News story

Expert advice on starting a business

This news article was published under the 2010 to 2015 Conservative and Liberal Democrat coalition government

Thinking of starting your own company? Business adviser Helen Watson explains what budding entrepreneurs need to consider.

Helen Watson is an adviser for the Business Support Helpline, which is open Monday to Friday, 9am to 6pm, on 0300 456 3565. You can also visit the website.

Starting a business is exciting, but it can seem daunting at times, which is why people call the Business Support Helpline. Around 80 per cent of callers are at the start up stage, looking to get their business off the ground.

Each budding entrepreneur is totally different. Some of the callers are confident, looking to build not just a small firm, but a global brand. But even though they may need less support, they still appreciate being able to test ideas with an impartial advisor. Some callers however, are less certain and don’t know where to start. With these people, we offer not just practical advice, but also an empathetic and understanding sounding board.

Gap in the market

Although the business ideas vary hugely – from an arm-wrestling club to importing exotic seeds – we usually start with the same important questions for everyone. Firstly, we ask about the customer – it’s vital to understand their personality, circumstances, and reason for starting a business. Some people have been made redundant, others are looking for a way to come off benefits. Maybe they’ve taken time off and have come up with a fantastic invention, or they are making crafts at home and have spotted a gap in the market. Or perhaps they are working for someone else, but think they could do it better, quicker, cheaper or faster!

Do your research

Whatever the reason, we need to make sure they’ve done their research. Some people assure us that all their friends and family think their idea is fantastic and bound to succeed, but we emphasise that wider research is the key to success in the long term. We encourage them to visit their local library and do some thorough market research, search online for available statistics and check out the local competition. Setting up a business is exciting, but it can’t be done simply on the spur of the moment.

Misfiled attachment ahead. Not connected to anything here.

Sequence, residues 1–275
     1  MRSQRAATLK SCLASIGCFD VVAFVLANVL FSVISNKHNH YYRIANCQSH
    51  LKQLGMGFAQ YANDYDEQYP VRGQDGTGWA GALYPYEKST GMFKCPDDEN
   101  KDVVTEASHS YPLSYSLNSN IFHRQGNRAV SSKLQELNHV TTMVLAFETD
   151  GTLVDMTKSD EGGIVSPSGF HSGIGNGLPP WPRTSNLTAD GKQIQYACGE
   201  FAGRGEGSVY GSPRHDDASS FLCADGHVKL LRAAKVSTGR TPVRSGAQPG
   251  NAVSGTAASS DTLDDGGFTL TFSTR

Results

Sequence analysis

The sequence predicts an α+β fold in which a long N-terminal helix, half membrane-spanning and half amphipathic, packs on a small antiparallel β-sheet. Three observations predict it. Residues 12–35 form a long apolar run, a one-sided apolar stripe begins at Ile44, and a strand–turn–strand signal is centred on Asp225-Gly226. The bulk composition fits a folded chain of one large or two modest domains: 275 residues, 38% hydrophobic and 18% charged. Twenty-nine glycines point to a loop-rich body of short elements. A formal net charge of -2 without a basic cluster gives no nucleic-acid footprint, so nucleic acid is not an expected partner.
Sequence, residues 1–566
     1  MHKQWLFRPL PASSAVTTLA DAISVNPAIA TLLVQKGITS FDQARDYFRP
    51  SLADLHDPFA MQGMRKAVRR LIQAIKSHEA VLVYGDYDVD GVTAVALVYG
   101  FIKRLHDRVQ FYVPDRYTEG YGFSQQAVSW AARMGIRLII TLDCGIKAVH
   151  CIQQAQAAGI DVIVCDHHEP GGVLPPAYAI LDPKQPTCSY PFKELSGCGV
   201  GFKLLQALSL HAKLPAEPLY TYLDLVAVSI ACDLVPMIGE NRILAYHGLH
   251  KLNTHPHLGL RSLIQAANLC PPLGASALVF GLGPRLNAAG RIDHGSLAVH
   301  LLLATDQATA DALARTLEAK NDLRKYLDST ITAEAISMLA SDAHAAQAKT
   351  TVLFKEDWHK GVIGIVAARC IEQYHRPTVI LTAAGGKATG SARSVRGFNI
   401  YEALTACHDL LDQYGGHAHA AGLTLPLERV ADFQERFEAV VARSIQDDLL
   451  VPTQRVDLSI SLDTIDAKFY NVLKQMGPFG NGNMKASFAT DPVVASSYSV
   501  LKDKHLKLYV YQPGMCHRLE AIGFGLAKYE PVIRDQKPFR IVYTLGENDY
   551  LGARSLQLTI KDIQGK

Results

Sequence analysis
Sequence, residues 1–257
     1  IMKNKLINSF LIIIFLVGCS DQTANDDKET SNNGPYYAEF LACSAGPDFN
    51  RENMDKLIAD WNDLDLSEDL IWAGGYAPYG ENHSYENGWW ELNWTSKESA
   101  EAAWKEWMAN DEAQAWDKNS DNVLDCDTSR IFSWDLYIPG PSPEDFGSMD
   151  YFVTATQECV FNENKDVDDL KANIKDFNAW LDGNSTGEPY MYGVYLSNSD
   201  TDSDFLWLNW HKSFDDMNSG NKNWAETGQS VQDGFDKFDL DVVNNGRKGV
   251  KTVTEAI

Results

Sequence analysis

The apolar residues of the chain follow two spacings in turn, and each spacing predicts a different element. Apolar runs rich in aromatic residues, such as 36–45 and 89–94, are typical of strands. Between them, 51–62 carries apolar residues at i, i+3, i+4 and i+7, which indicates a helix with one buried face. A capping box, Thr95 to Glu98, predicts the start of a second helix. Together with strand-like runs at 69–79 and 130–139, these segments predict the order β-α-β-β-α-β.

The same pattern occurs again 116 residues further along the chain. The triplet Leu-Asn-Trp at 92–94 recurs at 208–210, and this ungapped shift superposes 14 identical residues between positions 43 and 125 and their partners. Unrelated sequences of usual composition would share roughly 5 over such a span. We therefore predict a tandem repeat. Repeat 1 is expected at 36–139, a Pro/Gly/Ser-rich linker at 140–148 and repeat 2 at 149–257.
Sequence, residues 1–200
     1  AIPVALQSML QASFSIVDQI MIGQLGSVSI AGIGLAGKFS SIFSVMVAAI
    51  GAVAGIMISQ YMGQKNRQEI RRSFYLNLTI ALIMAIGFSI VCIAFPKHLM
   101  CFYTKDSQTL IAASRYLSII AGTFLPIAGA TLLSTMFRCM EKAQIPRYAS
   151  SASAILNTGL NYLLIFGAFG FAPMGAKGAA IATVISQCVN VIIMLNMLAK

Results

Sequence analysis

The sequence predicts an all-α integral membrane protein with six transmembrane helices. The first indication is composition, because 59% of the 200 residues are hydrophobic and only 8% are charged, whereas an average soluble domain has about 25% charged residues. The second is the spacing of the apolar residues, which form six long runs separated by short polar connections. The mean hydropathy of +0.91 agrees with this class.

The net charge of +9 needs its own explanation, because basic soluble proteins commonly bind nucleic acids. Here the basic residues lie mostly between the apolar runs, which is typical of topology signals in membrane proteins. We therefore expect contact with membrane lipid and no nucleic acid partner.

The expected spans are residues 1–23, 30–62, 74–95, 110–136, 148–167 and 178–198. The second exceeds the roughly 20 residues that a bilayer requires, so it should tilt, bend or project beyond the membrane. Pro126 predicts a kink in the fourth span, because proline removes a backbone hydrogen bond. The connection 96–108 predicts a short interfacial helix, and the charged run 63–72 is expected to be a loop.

Another important aspect of starting a business is finance as people can often underestimate the costs of starting up. Do they have savings, are they using redundancy money, will they be remortgaging, have they got an inheritance, or do they have an investor? They might want to start selling clothes online, for example, and think that importing from overseas is always a cheaper option. However, we make them aware that they need to consider import VAT, customs duty, insurance, and all the other costs which need to be factored in.

If they’re setting up a shop, they need to realise that if they want to play music, even very quietly in the background, that they need a licence for that. Are they aware that there are fees involved in taking card payments and renting chip and pin machines? And what about all the fixtures and fittings? At this stage people often realise that there is more involved than they first anticipated.

Protect yourself

We also encourage people to consider protecting any relevant forms of intellectual property such as trademarks, patents and design rights. We advise them to draw up terms of business to protect both their clients and themselves from any potential disputes. A tradesperson, for example, might be focused on getting started, but fail to consider customer payment terms and customer rights to cancel.

The Business Support Helpline can help people assess the viability of their idea, ensuring the potential businessman or woman is well informed and has the tools to progress in whatever direction they choose. There is so much advice and support out there we can give to people, it all depends on the caller’s specific circumstances. We can advise on all areas of business planning, understanding business legal structures, local and national resources (such as mentoring schemes and workshops), potential avenues of finance, any relevant regulations and tax. We can’t tell people how viable their business is, we just talk them through everything they need to consider, to make sure they’re as informed and prepared as they can be!

This week the government is focusing on how to Get Britain Working, and today is focusing on how people can start their own business. Join in the conversation on Twitter using #GetBritainWorking.